The dilemma of forgiveness and justice is also an important issue. In his book, Forgiveness and Christian Ethics, Anthony Bash makes the point that forgiveness is a moral response to wrongdoing and that it is an interpersonal phenomenon, not possible on a corporate level. From a Christian perspective, understanding forgiveness as a moral ideal rather than a moral duty helps Christians in their struggle to forgive even the unrepentant and to find consolation when after striving to forgive, they find that they are unable to do so.
Forgiveness is an ideal; a moral response to wrongdoing. As a Christian, forgiveness for me is a response to God's grace and in participation of the ministry of reconciliation. Yet I recognise that forgiveness is also a struggle by victims who yearn for justice. After all it is very difficult for the oppressed, dressed in rags and with an empty stomach to forgive the well-dressed, well-fed oppressor. Ultimately, though, forgiveness is a core element of the greater good.
In our context the issue of forgiveness and reconciliation has been compounded by the fact that due to our pluralistic society, often the wrongdoer and the victim have different religious and cultural understandings of forgiveness, repentance, atonement and justice. This raises the question of how interpersonal or even any attempt at corporate forgiveness can take place between people who hold to different theologies and cultural practices.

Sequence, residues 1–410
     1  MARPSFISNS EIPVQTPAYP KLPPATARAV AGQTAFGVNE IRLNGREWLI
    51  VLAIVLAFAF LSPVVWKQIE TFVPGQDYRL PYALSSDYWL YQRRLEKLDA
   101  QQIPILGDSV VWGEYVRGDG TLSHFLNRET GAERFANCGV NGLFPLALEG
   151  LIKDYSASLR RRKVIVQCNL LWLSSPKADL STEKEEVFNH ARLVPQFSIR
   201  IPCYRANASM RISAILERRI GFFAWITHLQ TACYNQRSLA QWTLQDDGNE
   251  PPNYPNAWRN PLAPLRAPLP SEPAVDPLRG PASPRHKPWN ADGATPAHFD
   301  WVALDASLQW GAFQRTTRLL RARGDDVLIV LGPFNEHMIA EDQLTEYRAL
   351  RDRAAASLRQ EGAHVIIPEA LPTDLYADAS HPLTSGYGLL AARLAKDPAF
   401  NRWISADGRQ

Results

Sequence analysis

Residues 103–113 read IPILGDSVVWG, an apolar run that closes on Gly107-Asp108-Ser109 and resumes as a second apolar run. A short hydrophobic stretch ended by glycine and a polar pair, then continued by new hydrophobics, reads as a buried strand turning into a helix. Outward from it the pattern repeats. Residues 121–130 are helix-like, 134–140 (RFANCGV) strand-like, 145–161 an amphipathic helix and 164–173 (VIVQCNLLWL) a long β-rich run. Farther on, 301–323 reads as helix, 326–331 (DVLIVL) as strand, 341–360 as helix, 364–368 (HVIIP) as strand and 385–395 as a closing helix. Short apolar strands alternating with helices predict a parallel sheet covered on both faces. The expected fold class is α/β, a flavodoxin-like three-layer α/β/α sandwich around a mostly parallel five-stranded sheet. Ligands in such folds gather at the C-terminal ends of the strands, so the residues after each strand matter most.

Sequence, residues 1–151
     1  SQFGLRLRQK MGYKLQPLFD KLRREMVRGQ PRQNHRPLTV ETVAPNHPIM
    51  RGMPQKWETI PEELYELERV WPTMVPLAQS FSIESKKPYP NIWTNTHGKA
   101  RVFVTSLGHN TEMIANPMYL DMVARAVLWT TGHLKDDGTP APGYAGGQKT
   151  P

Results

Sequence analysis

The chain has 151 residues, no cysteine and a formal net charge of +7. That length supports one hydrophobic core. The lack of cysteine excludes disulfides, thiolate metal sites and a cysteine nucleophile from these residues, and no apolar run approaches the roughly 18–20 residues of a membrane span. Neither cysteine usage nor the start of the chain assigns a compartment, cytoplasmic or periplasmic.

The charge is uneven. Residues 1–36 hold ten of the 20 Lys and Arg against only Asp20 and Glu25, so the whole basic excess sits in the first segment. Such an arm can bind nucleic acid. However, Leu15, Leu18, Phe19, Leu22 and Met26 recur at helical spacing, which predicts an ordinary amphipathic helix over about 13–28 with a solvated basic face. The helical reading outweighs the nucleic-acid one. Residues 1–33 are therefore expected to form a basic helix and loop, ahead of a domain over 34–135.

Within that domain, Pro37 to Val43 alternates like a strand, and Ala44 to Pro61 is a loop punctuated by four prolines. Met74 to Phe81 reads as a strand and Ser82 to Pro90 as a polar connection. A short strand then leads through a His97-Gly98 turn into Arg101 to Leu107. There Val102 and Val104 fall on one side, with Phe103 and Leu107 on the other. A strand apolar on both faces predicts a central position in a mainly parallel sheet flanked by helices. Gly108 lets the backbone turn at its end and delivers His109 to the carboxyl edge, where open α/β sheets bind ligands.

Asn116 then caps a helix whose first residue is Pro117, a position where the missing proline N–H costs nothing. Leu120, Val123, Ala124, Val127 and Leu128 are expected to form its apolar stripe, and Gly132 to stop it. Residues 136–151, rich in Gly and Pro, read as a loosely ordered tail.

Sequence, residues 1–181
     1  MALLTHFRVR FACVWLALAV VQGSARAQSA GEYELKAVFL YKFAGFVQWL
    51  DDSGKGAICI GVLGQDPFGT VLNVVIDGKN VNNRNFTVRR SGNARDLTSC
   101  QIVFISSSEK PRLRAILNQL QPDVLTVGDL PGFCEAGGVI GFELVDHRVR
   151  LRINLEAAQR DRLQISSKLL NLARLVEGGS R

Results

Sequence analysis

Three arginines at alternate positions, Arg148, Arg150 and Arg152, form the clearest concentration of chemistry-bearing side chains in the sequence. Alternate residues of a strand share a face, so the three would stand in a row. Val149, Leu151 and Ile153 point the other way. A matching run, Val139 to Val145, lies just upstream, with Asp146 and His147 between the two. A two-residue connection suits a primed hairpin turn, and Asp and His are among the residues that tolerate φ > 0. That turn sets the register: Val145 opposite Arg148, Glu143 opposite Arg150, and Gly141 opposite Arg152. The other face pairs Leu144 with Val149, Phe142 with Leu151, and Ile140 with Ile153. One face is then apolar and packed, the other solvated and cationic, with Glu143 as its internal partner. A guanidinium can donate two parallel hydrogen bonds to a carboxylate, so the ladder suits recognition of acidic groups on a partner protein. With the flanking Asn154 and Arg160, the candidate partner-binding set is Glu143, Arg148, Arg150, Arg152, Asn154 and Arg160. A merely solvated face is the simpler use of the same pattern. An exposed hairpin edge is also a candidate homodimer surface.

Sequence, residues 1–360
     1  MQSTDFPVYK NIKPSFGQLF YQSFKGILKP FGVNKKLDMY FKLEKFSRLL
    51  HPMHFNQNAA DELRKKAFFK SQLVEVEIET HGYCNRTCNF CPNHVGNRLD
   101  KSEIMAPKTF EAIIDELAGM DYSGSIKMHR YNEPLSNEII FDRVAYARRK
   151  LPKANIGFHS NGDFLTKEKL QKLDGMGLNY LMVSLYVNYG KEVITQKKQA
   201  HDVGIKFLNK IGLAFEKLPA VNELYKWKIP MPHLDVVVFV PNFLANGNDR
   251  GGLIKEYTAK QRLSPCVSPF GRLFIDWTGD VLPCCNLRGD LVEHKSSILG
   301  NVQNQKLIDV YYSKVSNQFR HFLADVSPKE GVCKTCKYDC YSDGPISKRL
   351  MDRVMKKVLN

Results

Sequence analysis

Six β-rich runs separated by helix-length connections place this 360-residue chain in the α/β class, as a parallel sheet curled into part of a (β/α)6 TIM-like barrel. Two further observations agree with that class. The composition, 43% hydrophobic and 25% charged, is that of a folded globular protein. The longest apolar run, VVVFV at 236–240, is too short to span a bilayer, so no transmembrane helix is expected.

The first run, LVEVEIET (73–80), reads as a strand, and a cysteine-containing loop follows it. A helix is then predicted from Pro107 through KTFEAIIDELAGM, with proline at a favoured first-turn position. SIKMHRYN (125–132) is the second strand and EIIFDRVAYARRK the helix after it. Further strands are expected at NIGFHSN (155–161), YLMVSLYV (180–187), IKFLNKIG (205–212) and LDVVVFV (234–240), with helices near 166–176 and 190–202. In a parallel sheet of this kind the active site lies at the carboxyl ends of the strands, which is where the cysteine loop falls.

Reconciliation is about restoration of relationship, not return to the status quo. Reconciliation requires repentance and forgiveness, which in turn requires an acknowledgement of responsibility and generosity of heart.
When I was studying in Korea, there was a mountain behind the Methodist Theological University in Seodaemun, Seoul. The first time I tried to climb the mountain, I almost collapsed from my lack of fitness, barely a quarter of the way up. The next time I struggled to get half way. Finally I made it all the way to the top. Eventually the mountain summit, which was once unreachable, became my regular destination for meditation and reflection.
The goal of a reconciled and compassionate society of free and equal citizens may seem to many of us like the peak of Mount Everest, far away and seemingly out of reach. But with each step we get a little closer. Our personal commitment to taking a step forward at a time, no matter how difficult the terrain or how steep the climb, is necessary to achieving this goal. It is a goal that must be achieved collectively or not at all. There is no such thing as half of a reconciled and compassionate society of free and equal citizens.
May you continue to be blessed with light, love, peace and joy.
“Simplicity, Serenity, Spontaneity”